It’s a hard week—harder even than usual—to be Education Secretary Betsy DeVos, or her chief policy advisor, assistant secretary Jim Blew. Both are longtime, outspoken, and sophisticated supporters of charter schools.
All strategies to mitigate climate change have distributive implications that cannot be overlooked. If left unaddressed, such implications will fuel persistent headwinds to progress on the climate change and sustainability agenda.
The fifth edition of the Decision 2020 Report examines key fundamentals behind a thriving economy. Past and present Hoover fellows explain concepts including the “invisible hand” and the importance of unleashing private investment and human capital. In addition, they discuss deficit reduction, and entitlement, tax, and monetary reform.
Stormy weather brought high winds and mountain snow to parts of California last weekend. At the risk of getting out over our skis, it’s time to consider the growing probability of the otherwise improbable every four years: California as an important player in the presidential selection process.
While everyone was distracted with Justice Department controversies and the New Hampshire primary, a senior Huawei official has conceded that the company can clandestinely access users’ mobile networks.
That K–12 education in the U.S. has long been plagued by “excellence gaps” is no secret, although the terminology may be just a decade old (and owes much to Jonathan Plucker and his colleagues). These gaps gauge—and those gauging them invariably deplore—the uneven, unequal rates at which students from different demographic groups make it into the ranks of high achievers on various measures of achievement.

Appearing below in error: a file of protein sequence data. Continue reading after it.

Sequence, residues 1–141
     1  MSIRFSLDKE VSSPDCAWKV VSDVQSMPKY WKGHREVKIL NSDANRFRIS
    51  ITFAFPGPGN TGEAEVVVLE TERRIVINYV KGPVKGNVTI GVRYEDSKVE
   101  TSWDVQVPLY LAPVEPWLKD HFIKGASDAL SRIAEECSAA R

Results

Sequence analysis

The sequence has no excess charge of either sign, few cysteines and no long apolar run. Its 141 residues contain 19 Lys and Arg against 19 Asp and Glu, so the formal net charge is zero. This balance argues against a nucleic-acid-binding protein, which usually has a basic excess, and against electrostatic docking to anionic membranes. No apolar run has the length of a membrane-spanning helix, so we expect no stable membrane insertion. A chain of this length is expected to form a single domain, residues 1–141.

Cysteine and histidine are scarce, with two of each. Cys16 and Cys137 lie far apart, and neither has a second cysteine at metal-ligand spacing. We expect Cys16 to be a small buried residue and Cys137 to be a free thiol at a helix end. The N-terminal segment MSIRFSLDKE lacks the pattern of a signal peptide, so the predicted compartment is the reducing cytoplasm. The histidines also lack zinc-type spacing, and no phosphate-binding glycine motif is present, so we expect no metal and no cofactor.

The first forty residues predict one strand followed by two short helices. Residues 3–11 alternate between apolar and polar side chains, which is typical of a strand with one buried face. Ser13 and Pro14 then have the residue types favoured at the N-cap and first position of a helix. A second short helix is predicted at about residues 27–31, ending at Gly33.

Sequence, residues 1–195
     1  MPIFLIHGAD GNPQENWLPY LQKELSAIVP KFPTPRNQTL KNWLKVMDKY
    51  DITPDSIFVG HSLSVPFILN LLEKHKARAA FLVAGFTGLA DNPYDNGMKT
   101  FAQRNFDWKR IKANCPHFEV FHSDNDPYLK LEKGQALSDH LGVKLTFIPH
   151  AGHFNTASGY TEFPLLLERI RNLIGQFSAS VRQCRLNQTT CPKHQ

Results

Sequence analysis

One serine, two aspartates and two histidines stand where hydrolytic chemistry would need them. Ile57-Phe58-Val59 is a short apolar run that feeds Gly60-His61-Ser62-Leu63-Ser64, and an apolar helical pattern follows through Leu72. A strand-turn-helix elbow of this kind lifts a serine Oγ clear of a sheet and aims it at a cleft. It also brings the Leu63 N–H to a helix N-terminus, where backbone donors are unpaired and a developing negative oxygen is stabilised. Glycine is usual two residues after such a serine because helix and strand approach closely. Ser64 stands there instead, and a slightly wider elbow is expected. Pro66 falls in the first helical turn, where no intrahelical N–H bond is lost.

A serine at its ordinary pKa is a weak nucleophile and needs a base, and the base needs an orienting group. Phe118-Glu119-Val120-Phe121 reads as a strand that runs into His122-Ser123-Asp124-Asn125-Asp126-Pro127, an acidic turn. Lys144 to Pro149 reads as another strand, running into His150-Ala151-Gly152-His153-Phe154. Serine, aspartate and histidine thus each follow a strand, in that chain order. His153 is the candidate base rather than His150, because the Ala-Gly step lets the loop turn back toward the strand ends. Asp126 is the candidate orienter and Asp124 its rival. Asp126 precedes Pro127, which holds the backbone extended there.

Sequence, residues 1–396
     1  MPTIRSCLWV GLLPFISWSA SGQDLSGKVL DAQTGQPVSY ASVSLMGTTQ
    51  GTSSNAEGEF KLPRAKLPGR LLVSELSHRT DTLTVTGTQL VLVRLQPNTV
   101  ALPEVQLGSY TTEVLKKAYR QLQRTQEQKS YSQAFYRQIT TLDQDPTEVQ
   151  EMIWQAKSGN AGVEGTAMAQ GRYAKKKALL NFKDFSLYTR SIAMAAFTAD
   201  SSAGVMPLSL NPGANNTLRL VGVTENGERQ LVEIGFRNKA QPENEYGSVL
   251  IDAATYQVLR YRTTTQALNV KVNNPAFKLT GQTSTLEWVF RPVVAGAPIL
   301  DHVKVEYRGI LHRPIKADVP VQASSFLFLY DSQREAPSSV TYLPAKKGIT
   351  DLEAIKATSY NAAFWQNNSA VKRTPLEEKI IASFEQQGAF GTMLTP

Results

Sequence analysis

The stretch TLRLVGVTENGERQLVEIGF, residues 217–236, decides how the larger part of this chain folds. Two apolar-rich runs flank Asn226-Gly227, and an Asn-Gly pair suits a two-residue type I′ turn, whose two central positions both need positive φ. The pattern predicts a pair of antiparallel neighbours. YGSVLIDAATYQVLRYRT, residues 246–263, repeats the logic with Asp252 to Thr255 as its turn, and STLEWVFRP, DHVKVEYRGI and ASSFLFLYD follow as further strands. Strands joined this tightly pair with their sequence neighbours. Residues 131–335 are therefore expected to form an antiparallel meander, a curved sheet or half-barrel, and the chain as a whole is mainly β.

Dear Governor Newsom, Some escaped while others were left behind. As a result, workers in nearly forty independent contractor classifications can continue to enjoy the freedom of being their own boss while those formerly free independent contractors in nearly fifty classifications will either be forced to be an employee of someone else or, much more likely, simply lose work altogether.
Hoover Institution fellow Victor Davis Hanson talks about the rise of Pete Buttigieg, the successful unorthodoxy of Donald Trump, California’s embrace of corporate socialism, and the consequence of Rush Limbaugh.
The International Affairs Council of Idaho State University invites community members to attend the Frank Church Symposium on Feb. 20 and 21. This year’s symposium theme is “The End of Democracy?” and participants will discuss the state of democracy in the world.
Former New York City Mayor Mike Bloomberg, who is (quite literally) currently attempting to buy the 2020 Democratic Party presidential nomination, has found himself in seriously hot water this week. A resurfaced audio clip from 2015 depicts the multibillionaire discussing in rather stark and unartful terms one key aspect of the famously aggressive policing policy he oversaw as New York City mayor.
The continued pace of technological change, most recently seen in the proliferation of artificial intelligence and automation, has elevated the salience of science, technology, engineering and math (STEM) degrees. Some have argued that these latest trends are the nail in the coffin of the liberal arts.
It’s 2:00 pm on Monday, November 2nd, the day before the 2020 election. A video of the Democratic candidate saying something unforgivable goes viral on social media. Donald Trump shares the video and harshly condemns his opponent. Cable news outlets feel compelled to discuss the video due to its controversial nature. The next day, while votes are already being cast across the nation, news agencies are able to confirm that the video was a deepfake, but it’s too late.